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It's time to call this race

By Erin Riley in Sydney, Australia

7 March 2012


It's really over now. Mitt Romney is the nominee.

I mean, it was really over after Florida, but now the media will have to stop pretending it's a contest and Republicans will have to start acting like he's the presumptive nominee. Though Gingrich and Santorum may — and Paul will certainly — struggle on for a while, Romney can now pivot to the general.

Romney got Virginia and Vermont by reasonable margins — he got over 50 per cent in Virginia, which is impressive and will net him a lot of delegates, and beat Paul by a 14 per cent margin in Vermont, as well as completely destroying the competition in his home state — 70+ per cent there.

Gingrich got his home state of Georgia, but fell short of the 50 per cent he needed to lock in the delegates, so that won't hurt Romney in the long run. Santorum is continuing to do well in deep red states — they've called Tennessee for him, and he's looking good in Oklahoma too.

The only interesting contest left is in Ohio, where Santorum and Romney are neck-and-neck. Because Ohio borders Pennsylvania, there's something of a home state advantage for Santorum, but because of the importance of Ohio in the general, there could be some questions about Romney's electability if he doesn't manage to win there. But those questions won't actually mean anything, because with the number of delegates he'll net today, Romney's lead is unassailable.

No real results from Alaska, Idaho, and North Dakota yet. I suspect Romney will do very, very well in Idaho, but it'll be interesting to see the influence of the libertarian vote in Alaska and Idaho.


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Super Tuesday update: Romney rising

By Luke Freedman in Sydney, Australia

6 March 2012


Santorum on roof

Hope you enjoy the March 12th New Yorker cover as much as I did; parodying Mitt Romney’s infamous trip to Canada with the family dog strapped to the roof of the car. The problem with election predictions is that they can easily become obsolete by the following morning. This is not the case with yesterday’s Super Tuesday preview, but there has been some movement in the polls and it comes at the expense of Rick Santorum. As I noted yesterday, Romney’s previous momentum coupled with his ability to blanket the airwaves with ads gave him an excellent chance of reining in Santorum in Ohio. This is exactly what is happening, as the most recent data suggests Romney may have pulled slightly ahead in the state. Nate Silver’s election model, which yesterday gave Santorum a 57 per cent chance of winning in the state, now puts Romney as a 65 per cent favourite.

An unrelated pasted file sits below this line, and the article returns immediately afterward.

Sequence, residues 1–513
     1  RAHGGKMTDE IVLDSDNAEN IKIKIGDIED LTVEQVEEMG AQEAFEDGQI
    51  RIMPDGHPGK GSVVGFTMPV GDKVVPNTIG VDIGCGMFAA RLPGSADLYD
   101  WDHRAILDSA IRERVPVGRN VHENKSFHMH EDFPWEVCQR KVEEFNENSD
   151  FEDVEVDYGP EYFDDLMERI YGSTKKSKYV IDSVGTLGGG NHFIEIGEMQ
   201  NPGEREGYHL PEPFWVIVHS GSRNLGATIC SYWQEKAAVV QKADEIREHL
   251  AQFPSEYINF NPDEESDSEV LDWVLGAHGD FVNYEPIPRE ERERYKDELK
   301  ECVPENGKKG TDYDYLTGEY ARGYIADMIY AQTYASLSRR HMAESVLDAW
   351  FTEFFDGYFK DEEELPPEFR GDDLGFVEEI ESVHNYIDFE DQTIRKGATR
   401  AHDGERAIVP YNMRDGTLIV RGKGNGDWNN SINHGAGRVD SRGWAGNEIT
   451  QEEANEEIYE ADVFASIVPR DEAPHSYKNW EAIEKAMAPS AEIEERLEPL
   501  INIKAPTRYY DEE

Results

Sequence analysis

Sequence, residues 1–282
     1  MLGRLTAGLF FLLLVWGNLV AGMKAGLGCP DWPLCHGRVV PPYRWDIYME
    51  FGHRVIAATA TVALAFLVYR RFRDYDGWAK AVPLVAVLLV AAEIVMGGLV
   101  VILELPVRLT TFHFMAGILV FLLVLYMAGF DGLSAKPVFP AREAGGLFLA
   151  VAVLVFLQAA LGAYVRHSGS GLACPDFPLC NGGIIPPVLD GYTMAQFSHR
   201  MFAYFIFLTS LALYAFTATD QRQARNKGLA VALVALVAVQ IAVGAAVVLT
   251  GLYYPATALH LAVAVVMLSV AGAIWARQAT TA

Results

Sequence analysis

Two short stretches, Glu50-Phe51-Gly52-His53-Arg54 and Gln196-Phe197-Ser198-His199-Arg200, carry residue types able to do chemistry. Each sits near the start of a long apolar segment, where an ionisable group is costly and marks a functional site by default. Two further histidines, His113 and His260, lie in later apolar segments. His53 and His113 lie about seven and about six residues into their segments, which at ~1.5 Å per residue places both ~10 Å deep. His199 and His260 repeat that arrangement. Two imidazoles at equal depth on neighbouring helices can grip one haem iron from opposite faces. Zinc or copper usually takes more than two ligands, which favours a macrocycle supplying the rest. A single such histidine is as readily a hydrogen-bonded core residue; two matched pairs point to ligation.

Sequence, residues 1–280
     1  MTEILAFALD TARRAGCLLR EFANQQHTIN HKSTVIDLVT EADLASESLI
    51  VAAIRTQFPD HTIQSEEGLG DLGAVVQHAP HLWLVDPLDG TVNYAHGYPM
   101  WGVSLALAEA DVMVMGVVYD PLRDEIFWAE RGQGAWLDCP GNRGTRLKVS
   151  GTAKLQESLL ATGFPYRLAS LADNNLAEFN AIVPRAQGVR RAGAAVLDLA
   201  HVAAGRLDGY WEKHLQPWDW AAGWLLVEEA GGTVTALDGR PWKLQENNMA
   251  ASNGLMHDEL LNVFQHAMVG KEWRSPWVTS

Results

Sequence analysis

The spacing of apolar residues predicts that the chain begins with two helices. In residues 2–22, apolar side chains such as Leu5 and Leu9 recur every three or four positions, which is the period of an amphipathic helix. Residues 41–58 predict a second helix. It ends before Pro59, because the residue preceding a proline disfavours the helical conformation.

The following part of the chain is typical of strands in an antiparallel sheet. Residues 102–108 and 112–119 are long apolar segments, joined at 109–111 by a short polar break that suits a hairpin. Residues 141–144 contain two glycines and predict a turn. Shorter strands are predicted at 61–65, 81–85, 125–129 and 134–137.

The news doesn’t get any better for Santorum down South. There isn’t enough recent data to make any definitive conclusions in Tennessee, but Romney appears to be making up ground there as well. There is now a real possibility that Romney could end up winning the most delegates in the state.

Romney was already slated to pick up the most delegates on Super Tuesday, and his margin of victory appears to be increasing. As for Santorum, it doesn’t bode well that he’s struggling in two states where the demographics skew so heavily in his favour. Heading into Super Tuesday, it’s looking like Romney is back in the driver’s seat.


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Super Tuesday: keep an eye on Ohio

By http://www.uselectionwatch.org.au/people/ in Sydney, Australia

5 March 2012


Ohio Flag

Less than half the number of states are holding Super Tuesday elections as compared to 2008, but that does not mean that this year’s contest will be small or insignificant. On March 6, ten states will hold primaries or caucuses and "more delegates will be awarded than in in the first two months of the Republican presidential race combined." Here's what to expect on the biggest day of the election so far.

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Mitt Romney has now won four states in a row, and is looking to try and carry this momentum into Super Tuesday. Romney will win easily in Massachusetts (where he served as governor) and Virginia (where only he and Ron Paul collected enough valid signatures to even appear on the ballot). Along with these two important prizes, Romney should pick up Vermont as well.

Out West, Romney has a very good chance of winning in North Dakota, Idaho and Alaska. However, these small caucus states could also be prime Ron Paul territory. Paul may not appeal to a broad segment of the electorate, but he does have a fervent base of supporters. Less than 14,000 Alaskans showed up for the 2008 Republican caucus, and a small but committed group of Paul devotees could flip the state in his favour. Still, the delegate count in these three states is not large enough to substantially affect the outcome of the primary process.